The 28-year-old Russian dropped Bader with a head kick before a swarm that produced two more knockdowns, the latter of which came as the champ ran away. After Bader’s legs went limp and he slumped to the canvas, the bout was mercifully called off at the 3:02 mark of the second round.
“I was actually more surprised that the referee wasn’t stopping the fight,” said Nemkov, who picked up his fifth straight win under the Bellator and his first title in a major MMA promotion. “I sent him to the canvas three times, but I did what I had to do to stop the fight.”
From the outset, it was clear Nemkov had an advantage in speed and technique. He kept Bader guessing with varied attacks that were timed to maximum effect, going downstairs to the body before sniping upstairs with right and left hands. A pair of kicks late in the first nearly made full connection, providing a preview of coming attractions.
“When we studied film, we saw he doesn’t do very well when he’s backing up, getting bullied,” said Nemkov, who was flanked inside the Bellator cage by his mentor, Fedor Emelianenko, who was stopped by Bader in the finals of the promotion’s heavyweight grand prix. “Obviously, it paid dividends.”
Bader appeared out of stop and overly reliant on his trademark right hand, which he wound up and threw like he was looking for the knockout. He managed to connect once, and his other best weapon, a double-leg takedown, appeared to provide a path to victory. But it was a short-lived success.
Shortly after the start of the second frame, Nemkov cracked Bader with a straight right that had an immediate effect. The head kick that produced the first knockdown led to more punches, and referee Kerry Hatley did not step in despite a flurry of follow-ups as Nemkov pounced on Bader. Somehow, Bader managed to get up, only to be dropped again and mounted. The final escape attempt wrested the belt from the UFC veteran and put it around his Russian counterpart.
After a no contest against Cheik Kongo in a heavyweight title defense, Bader suffers his first loss since a knockout to Anthony Johnson that derailed his UFC light heavyweight title hopes. For now, he retains the belt in the big-man division.
Former featherweight champion Julia Budd shook off the doldrums of a lopsided loss to current champ Cris Cyborg with a decision over the tough Jessy Miele.
Budd appeared tenative early on before finding her confidence in deep waters, nearly picking up a finish via arm-triangle in the third. Judges gave her the unanimous decision with three scores of 30-27.
Miele showed up to the fight and quickly made it clear she wouldn’t be a walkover, connecting with a few stiff left hands that got Budd’s attention. A straight right paid dividends for Budd, and a late takedown in the first would set a pattern the ex-champ repeated every frame.
Every time Budd hesitated, Miele made up ground with her punches. But early in the third, Budd found her stride and countered several advances with expert countering that set up the takedown. From there, she controlled the fight on top, advancing to mount and trying for the submission. An escape from Miele came too late before the final bell.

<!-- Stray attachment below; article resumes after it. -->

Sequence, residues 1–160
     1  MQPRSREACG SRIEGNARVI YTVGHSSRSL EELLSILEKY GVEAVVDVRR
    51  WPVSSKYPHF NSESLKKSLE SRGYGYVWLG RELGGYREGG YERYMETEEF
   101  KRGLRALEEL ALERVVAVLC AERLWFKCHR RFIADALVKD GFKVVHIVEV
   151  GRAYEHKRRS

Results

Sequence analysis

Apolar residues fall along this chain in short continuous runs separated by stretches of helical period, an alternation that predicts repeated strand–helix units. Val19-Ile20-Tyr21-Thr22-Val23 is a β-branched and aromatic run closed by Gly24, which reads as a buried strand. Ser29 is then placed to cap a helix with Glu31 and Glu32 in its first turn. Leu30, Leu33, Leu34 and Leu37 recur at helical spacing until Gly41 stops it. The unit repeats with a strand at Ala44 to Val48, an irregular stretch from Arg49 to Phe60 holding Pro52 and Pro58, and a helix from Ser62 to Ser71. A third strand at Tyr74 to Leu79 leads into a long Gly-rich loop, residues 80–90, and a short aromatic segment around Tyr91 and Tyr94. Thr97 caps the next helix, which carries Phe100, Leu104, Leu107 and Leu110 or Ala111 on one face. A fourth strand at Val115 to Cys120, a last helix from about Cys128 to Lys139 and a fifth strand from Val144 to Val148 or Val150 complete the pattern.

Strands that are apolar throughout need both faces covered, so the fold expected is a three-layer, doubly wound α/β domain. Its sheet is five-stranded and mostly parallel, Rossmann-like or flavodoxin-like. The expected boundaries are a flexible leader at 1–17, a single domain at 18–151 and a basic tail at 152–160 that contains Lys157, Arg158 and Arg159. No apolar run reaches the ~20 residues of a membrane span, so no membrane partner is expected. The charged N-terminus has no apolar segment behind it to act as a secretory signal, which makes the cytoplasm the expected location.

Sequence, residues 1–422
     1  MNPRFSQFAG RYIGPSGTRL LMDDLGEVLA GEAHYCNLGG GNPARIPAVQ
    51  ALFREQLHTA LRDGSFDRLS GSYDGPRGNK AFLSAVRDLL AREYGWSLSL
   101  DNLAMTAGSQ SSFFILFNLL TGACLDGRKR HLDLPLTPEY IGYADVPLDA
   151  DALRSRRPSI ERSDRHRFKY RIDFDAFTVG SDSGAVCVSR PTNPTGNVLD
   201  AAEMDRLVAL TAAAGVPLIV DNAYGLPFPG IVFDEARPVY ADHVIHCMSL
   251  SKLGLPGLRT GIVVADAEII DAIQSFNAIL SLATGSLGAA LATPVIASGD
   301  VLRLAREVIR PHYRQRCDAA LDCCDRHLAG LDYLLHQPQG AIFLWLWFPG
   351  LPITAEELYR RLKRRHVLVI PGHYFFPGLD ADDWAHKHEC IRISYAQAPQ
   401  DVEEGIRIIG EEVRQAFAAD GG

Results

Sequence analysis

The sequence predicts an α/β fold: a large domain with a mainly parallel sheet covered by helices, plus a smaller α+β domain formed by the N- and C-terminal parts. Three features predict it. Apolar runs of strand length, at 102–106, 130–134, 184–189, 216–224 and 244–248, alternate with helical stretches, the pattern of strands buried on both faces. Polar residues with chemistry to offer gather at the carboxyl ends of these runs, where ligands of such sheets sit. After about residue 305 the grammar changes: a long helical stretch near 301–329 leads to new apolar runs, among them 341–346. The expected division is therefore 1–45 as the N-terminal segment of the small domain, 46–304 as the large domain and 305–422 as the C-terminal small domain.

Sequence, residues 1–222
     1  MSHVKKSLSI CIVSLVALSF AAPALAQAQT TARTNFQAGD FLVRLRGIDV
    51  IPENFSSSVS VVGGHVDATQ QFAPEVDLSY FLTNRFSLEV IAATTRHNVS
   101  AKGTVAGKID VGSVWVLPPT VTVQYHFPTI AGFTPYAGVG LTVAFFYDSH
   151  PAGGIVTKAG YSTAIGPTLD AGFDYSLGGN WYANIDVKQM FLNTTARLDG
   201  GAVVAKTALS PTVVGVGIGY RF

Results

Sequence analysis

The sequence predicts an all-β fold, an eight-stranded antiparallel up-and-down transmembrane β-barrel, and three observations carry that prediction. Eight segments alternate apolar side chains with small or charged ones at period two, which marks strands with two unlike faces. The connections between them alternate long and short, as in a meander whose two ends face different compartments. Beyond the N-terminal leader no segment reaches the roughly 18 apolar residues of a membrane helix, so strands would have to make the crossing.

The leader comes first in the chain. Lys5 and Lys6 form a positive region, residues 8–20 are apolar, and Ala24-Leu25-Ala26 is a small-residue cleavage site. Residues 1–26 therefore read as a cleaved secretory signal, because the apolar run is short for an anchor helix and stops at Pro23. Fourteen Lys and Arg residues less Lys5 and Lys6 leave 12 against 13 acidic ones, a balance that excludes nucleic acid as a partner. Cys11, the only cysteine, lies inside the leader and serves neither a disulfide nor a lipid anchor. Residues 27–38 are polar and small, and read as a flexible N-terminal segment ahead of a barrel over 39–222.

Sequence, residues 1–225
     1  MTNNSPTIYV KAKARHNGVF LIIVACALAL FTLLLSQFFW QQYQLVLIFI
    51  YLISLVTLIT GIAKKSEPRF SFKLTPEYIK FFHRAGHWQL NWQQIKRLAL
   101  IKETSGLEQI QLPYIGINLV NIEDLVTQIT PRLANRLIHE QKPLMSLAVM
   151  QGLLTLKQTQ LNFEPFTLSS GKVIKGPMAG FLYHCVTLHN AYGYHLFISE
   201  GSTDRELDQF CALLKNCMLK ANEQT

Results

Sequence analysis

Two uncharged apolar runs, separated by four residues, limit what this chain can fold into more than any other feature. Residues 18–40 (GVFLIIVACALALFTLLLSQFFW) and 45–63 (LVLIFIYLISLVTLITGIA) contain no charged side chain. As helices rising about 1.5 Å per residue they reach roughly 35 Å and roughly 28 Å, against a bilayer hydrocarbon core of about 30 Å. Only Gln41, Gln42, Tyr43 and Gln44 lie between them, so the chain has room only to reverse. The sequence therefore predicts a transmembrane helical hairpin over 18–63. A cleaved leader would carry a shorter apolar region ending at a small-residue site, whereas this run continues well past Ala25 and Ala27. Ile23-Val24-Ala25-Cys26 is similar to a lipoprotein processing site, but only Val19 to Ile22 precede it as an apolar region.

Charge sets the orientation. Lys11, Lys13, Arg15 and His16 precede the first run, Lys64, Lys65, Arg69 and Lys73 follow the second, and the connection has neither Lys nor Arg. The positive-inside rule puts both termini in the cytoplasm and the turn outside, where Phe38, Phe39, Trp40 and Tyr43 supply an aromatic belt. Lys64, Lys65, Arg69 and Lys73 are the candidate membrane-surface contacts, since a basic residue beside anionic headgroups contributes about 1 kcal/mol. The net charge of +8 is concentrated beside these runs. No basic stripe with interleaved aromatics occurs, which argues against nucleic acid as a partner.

Combat Sambo standout Valentin Moldavsky’s edge in youth and technique translated into a shutout win over veteran Roy Nelson, with all three judges giving him 30-27 scores.
There was no big right hand from Nelson to lead the dance of heavyweights, as “Big Country” instead tried to muscle Moldavsky in the clinch, perhaps in an effort to tire out his opponent. Unfortunately, Moldavsky had more than enough energy to stay the course and come back to pepper Nelson with stiff punches.
Next round out, Moldavsky was the one bullying Nelson around the cage, alternating control at distance and in the clinch. For the latter half of the round, Moldavsky had Nelson smothered against the cage, breaking occasionally to let go short punches. Nelson slouched over at the end of the middle frame, clearly winded.
Nelson tried to set up for his big overhand right. Before he could let it go, feints and combinations from Moldavsky took the steam out of his approach. With one last escape from another smothering clinch, Nelson had his chance to even the score. But a superman punch and right hand missed, and Moldavsky made him pay with another sharp counter to seal the victory.
John Salter ran roughshod over Andrew Kapel on the mat before a persistent arm-triangle produced a finish at the 3:11 mark of the third round.
True to form, Salter wanted a fight on the mat, and after taking Andrew Kapel down twice in the first round, he had his winning formula. Kapel made things interesting by exploding from the bottom, escaping a triangle choke in the process. But in the second round, things got worse when Salter advanced to mount and held position for the majority of the round. Threatening with an arm-triangle choke, he made Kapel’s life miserable on bottom.
Down two rounds, Kapel came out aggressive in the final frame, only to be taken down inside one minute. It wasn’t long before Salter had mount again, and this time, the arm-triangle produced the tap.
Full Bellator 244 results:
Vadim Nemkov def. Ryan Bader via TKO (strikes) – Round 2, 3:02
Julia Budd def. Jessy Miele via unanimous decision (30-26, 30-27, 30-27)
Valentin Moldavsky def. Roy Nelson via unanimous decision (30-27, 30-27, 30-27)
John Salter def. Andrew Kapel via submission (arm-triangle choke) – Round 3, 3:11
Joshua Hill def. Erik Perez via unanimous decision (29-28, 30-27, 30-27)